Friday, March 28, 2014

Where Are The 'Religious' Games?

For those who follow me through Facebook, you may have noticed a post that I'll be hosting a panel at A-Kon this year titled: The Mythology and Mythos of Final Fantasy. Being a FF nerd, it should not be surprising I would choose that series to start with. But my interest is mostly in the mythology and mythos aspect of the games, and as I continue to research and prep for this panel, I'm finding very few games integrating current religions without overlapping others or twisting their origins to fit the game's parameters. There are very few games that focus on one religion, and if they do they tend to be "religious" games reenacting scenes from the Bible or the Qur'an. Wait, have they made one for the Qur'an? Google says no, but there are a few Christan games like Captain Bible in Dome of Darkness. Okay, so not a retelling of a bible story, but it's along the lines of what I'm looking for. Games that focus on one religion, whether it be a real-world variant or one completely made up for the world the game resides in, and developing stories from it.

Why am I interested in this topic? Why have religion involved in games at all? Well if you're an Atheist, you can easily argue that all religions are stories and could easily fit within the framework of a video game and re-purposed. But according to the Washington Times (not the Post, sorry) in 2012 84% of the world's population have faith and practice some type of religion. 84%! That is a lot of video game potential! So why are there less then 2 dozen "Christian" games available? Why can't we find one about Buddhism, Hinduism, or even one for Atheists?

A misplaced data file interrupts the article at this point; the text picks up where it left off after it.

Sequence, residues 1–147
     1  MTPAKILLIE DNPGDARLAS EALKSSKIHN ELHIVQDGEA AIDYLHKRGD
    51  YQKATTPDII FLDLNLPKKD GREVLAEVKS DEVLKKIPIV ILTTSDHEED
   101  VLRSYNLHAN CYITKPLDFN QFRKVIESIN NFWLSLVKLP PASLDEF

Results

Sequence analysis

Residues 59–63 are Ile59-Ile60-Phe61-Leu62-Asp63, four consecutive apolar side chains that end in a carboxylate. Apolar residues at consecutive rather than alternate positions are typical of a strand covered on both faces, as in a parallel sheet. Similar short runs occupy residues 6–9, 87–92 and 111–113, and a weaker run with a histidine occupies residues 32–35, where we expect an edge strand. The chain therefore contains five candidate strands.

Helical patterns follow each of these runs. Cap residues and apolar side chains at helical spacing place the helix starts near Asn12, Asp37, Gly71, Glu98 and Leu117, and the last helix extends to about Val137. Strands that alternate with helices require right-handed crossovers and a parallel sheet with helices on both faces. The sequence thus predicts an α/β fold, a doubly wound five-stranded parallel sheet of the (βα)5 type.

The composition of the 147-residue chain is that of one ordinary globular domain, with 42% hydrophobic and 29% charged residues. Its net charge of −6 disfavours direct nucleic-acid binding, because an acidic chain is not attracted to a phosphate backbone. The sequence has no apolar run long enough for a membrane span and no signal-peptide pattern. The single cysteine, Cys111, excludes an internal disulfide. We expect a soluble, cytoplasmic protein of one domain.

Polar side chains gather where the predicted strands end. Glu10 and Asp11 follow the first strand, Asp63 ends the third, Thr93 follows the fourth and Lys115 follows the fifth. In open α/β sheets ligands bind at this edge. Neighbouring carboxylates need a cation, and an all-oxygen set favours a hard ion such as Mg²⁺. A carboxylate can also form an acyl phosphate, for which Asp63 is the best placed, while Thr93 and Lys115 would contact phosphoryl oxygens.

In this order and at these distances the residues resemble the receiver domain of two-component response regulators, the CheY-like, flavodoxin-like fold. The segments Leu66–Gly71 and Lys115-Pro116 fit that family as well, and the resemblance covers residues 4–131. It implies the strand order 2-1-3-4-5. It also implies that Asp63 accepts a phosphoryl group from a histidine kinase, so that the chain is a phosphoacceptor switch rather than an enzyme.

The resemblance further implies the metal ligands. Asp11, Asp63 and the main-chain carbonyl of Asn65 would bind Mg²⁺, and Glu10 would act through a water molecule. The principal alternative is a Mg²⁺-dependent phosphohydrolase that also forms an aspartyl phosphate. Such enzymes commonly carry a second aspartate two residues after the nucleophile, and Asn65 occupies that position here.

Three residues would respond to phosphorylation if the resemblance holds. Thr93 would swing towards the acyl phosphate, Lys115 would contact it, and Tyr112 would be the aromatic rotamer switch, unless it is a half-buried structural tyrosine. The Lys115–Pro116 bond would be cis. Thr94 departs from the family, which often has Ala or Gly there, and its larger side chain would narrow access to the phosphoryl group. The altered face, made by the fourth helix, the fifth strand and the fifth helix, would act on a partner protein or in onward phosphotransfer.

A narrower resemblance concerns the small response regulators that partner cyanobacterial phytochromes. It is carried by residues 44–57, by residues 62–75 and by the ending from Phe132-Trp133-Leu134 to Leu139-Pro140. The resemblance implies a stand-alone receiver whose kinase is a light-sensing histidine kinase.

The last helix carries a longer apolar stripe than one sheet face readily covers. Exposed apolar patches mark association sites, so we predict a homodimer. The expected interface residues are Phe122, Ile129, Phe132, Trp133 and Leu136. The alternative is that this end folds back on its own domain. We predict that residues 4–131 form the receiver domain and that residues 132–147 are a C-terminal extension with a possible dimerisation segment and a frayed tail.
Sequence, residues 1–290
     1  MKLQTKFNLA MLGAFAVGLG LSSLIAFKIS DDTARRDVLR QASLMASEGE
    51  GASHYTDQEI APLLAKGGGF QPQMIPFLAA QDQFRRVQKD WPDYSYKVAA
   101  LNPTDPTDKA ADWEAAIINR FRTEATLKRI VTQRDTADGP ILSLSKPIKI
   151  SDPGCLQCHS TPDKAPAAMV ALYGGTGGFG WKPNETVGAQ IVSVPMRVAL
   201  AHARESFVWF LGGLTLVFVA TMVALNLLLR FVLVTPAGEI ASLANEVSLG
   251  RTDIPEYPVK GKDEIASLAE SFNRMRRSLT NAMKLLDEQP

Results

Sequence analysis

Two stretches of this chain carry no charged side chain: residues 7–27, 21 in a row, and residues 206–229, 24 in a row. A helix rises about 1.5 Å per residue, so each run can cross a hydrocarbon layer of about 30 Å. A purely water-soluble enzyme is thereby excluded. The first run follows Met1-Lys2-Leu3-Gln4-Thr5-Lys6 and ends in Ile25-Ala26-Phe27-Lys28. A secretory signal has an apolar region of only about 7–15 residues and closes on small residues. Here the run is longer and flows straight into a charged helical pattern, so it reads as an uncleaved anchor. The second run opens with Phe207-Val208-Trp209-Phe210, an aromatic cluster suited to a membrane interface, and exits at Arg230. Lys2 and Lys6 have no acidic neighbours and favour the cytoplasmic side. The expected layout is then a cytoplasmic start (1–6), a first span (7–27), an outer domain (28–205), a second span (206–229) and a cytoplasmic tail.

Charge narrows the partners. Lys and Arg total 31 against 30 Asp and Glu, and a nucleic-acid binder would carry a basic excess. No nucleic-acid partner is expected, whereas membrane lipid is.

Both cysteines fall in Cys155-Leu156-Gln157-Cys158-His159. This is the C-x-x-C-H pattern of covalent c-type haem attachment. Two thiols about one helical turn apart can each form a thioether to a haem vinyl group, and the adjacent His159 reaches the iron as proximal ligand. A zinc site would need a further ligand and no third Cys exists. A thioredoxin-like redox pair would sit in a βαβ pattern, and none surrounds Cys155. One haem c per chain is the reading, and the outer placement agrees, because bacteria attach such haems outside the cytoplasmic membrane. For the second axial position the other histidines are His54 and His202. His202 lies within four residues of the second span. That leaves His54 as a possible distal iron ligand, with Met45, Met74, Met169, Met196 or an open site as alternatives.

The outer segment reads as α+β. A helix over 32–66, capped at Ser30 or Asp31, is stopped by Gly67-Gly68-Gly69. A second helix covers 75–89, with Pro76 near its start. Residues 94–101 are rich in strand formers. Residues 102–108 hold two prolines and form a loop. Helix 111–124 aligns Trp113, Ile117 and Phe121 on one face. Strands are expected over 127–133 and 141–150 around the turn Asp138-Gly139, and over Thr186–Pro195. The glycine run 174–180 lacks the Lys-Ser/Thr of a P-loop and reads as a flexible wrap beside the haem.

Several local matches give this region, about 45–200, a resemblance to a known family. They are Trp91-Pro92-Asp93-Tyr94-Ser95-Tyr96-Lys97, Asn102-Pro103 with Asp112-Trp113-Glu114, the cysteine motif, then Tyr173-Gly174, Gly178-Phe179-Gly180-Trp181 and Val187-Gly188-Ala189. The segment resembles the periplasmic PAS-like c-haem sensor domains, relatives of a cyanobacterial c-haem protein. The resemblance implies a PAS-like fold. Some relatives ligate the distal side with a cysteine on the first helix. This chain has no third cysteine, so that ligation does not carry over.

Well my interest is stemming from the research I have been doing with Final Fantasy and the types of mythology they employ in their games. In that THERE IS SO MUCH OF IT. FF draws heavily on multiple religious and mythological influences to create it's parts that it almost clouds the original origin of those pieces. Shiva, "the Destroyer" in Hindu religion, is now best known to gamers and a lot of non-gamers as the Ice Queen from Final Fantasy. Carbuncle is a red precious stone (also the name of a boil), is a Latin American creature believed to terrorize the living for any sins they have committed. Now? It's a fuzzy green rat with a red gem on it's forehead. The emotions that these beings were meant to evoke in a video game have been diminished by their use over time. In turn, the spirituality that they bring into the story also fades because they are no longer seen as representations of Gods and Deities. Instead they are Ice and Fuzzy Rat.

Now I've typed all of this not as an argument against the use of multiple religious and mythological icons in a story. They provide context and understanding in situations that may be difficult to accept. "What this message we want to get across in our story?" Throw in Diablos and you know the focus becomes 'death.' And it has allowed so many of us to learn about different cultures through these religions nods. How many of us have gone online to look up where "Doomtrain" came from? Or how about The Chantry from Dragon Age? Or sought out a copy of 'Dante's Inferno' after playing Devil May Cry? These icons, names, places, all serve well with video games no matter how they are developed and portrayed to the audience. I'm completely fine with brand new religions being introduced into the sphere, because sometimes our real-world religions are just not enough. They need to take stronger, or more lenient, standards in order to make 'this' character more like what they want to portray. (I'm dancing on the lines of morality there.)

I find it interesting that there as so very few focused solely on one religion or a retelling of one tale. Untapped market. That's all. I could go on for pages, but I'll leave it here. New things to think about!

But if you want to keep going, Inglorious Gamer did a piece on the history of religion in games last year. Again, the focus is more on the little bits and pieces that make up a game's story, or the hidden gems of mythology, but not games specifically focused around a religion or a bevy of them.

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